West Virginia Spill Reveals Lax Regulation

By McDonald, Caroline | Risk Management, March 2014 | Go to article overview

West Virginia Spill Reveals Lax Regulation


McDonald, Caroline, Risk Management


The chemical spill that polluted a West Virginia river and left hundreds of thousands of residents without water for days could have been prevented. But the state, known to be protective of the coal industry, has been leery of regulatory guidance.

The incident began on Jan. 9, when authorities discovered that 7,500 gallons of chemicals--mostly 4-methylcyclohexane methanol (MCHM) and PPH (polyglycol ethers), both used to clean coal--had leaked from an aging storage tank owned by Freedom Industries into the nearby Elk River.

Questions arose concerning the tank's close proximity to a water treatment plant and, after the West Virginia American Water Company reported that its water supply had become contaminated, Gov. Earl Ray Tomblin issued a State of Emergency for Boone, Cabell, Clay, Jackson, Kanawha, Lincoln, Logan, Putnam and Roane counties. "West Virginians in the affected service areas are urged NOT to use tap water for drinking, cooking, washing or bathing," Tomblin said in a statement. Up to 300,000 residents were affected and hundreds were sickened.

The incident prompted Sen. Jay Rockefeller (D-W.Va.) to introduce legislation requiring companies responsible for leaks to pay to clean up chemical spills and other pollution. The measure would also provide more funding for states and agencies tasked with cleanup.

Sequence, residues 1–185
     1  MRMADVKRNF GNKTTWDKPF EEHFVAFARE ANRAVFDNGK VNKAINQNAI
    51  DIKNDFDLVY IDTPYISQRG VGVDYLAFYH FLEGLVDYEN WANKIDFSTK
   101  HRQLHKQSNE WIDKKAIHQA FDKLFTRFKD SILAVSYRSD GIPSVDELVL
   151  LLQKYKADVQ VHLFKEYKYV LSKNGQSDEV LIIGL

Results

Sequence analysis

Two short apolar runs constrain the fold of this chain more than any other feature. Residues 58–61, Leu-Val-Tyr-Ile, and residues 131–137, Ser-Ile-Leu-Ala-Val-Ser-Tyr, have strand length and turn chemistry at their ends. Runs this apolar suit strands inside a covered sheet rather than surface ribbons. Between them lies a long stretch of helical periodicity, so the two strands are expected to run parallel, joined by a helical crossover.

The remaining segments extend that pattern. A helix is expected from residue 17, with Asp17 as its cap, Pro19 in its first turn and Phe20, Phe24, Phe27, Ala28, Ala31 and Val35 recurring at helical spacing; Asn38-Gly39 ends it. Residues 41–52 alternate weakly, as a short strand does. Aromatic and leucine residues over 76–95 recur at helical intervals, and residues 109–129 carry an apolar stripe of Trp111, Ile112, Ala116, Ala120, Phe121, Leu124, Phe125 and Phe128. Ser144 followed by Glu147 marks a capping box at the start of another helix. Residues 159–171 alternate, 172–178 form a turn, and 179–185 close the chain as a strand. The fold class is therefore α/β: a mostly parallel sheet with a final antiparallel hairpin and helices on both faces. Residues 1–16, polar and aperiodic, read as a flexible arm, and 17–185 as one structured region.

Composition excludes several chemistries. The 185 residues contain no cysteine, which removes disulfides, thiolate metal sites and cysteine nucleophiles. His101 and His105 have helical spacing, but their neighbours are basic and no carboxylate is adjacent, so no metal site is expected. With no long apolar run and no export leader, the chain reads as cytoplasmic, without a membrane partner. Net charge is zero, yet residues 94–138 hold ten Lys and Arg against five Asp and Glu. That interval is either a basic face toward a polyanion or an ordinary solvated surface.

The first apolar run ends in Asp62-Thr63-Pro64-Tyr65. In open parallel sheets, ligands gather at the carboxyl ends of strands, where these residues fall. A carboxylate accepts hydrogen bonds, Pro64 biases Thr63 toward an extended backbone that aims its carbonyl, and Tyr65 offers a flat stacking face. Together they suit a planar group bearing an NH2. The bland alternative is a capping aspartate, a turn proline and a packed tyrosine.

"The United States is facing an industrial chemical safety crisis," warned Rafael Moure-Eraso, chairman of the United States Chemical Safety Board, in a Jan. 28 New York Times op-ed.

Moure-Eraso wrote, "It is clear to me, as chairman of the independent federal agency charged with investigating industrial chemical accidents, that urgent steps are required to significantly improve the safety of the nation's chemical industry."

About 13,000 facilities nationwide store or process chemicals in amounts hazardous enough to endanger the public, according to the Environmental Protection Agency. This estimate, however, understates the scope of the problem. "The West Virginia facility implicated in the recent spill ... would not fall under criteria used by the agency to come up with its estimate," said Moure-Eraso.

Days after the spill, while many West Virginia residents were still without water, some politicians were sounding the alarm against regulation. On Jan. 15, the New York Times reported that Senator and former Governor Joe Manchin III (D-W.Va.) spoke at an event sponsored by the American Coalition for Clean Coal Electricity. …

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